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Daniel v. Berryhill

United States District Court, D. Nevada

May 25, 2017

LENA J. DANIEL, Plaintiff,
v.
NANCY A. BERRYHILL, Acting Commissioner of Social Security, [1] Defendant.

          REPORT OF FINDINGS AND RECOMMENDATION (MOT. TO REMAND - ECF NO. 17) (CROSS-MOT. TO AFFIRM - ECF NO. 18)

          PEGGY A. LEEN, UNITED STATES MAGISTRATE JUDGE

         This matter involves Plaintiff Lena J. Daniel's appeal and request for judicial review of the Acting Commissioner of Social Security, Defendant Nancy A. Berryhill's final decision denying her claim for disability insurance benefits under Title II of the Social Security Act (the “Act”), 42 U.S.C. §§ 401-33, and claim for supplemental security income under Title XVI of the Act, 42 U.S.C. §§ 1381-83.

         BACKGROUND

         Plaintiff Lena J. Daniel (“Daniel”) filed a Title II application for disability benefits on May 21, 2009, at the age of 45, and also protectively filed a Title XVI application for supplemental security income on June 2, 2009. AR 381-83, 386-91.[2] These applications initially alleged a disability onset date of December 22, 2004. In her applications, Daniel claimed she was unable to work because of: (1) mood disorder; (2) bipolar disorder; and (3) depression. AR 406. Her work history reports indicate she previously worked in clerical and administrative roles as an office assistant and customer service representative. AR 412-19. The Social Security Administration (the “Agency”) denied Daniel's application initially and on reconsideration. AR 147-50.

         An administrative law judge (“ALJ”) held a hearing on March 3, 2011, where Ms. Daniel appeared with counsel. AR 123-46. During the hearing, counsel amended Daniel's alleged onset date to November 30, 2009, as the record contained no medical evidence prior to 2007. AR 125- 26. This amendment of the alleged onset date effectively precluded her Title II application because her date last insured was September 30, 2009. Id.; see also AR 154. Daniel's counsel asserted that the theory of her case stemmed from her mental problems, not physical problems. AR 125- 26. The ALJ left the record open for 30 days to allow Ms. Daniel to supplement with additional medical records and he also ordered a psychological examination with testing. AR 127, 145. The ALJ issued a decision on June 3, 2011 (the “2011 decision”), finding that Daniel was not disabled and she was capable of performing her past relevant work as an office assistant. AR 154-62. Ms. Daniel requested review of the ALJ's decision by the Appeals Council. AR 224.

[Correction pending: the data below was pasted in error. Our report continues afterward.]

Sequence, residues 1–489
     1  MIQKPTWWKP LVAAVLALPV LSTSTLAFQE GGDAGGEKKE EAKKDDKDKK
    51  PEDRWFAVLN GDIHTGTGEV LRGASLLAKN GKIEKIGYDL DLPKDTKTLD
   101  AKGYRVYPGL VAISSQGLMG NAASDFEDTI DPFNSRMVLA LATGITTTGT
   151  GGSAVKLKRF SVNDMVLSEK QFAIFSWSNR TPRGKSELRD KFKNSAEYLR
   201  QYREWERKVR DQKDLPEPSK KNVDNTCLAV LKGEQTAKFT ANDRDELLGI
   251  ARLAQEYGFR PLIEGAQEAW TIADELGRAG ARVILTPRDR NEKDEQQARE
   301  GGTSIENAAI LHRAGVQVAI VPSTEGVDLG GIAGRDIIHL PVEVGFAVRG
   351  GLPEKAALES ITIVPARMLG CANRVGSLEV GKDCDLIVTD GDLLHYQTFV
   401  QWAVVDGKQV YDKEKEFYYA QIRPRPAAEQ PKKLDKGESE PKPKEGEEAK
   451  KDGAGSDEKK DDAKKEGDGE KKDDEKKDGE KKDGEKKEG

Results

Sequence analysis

The Appeals Council issued an order vacating the 2011 decision and remanding the case to the ALJ for further consideration. AR 225-29. The Order stated that further consideration was needed on whether Ms. Daniel could work as an office assistant because her residual functional capacity limited her to brief encounters with the public and coworkers but the mental demands of an office assistant require more than brief encounters. AR 227. Additionally, the Appeals Council found that the mental limitations included in her RFC would significantly compromise the potential occupational base for medium unskilled work. Id. However, the ALJ's decision lacked supporting evidence from a vocational expert. Id. Lastly, the Order noted that the 2011 decision did not evaluate Ms. Daniel's obesity as required by Agency regulations. Id. The Appeals counsel instructed the ALJ to address these three deficiencies on remand. AR 228.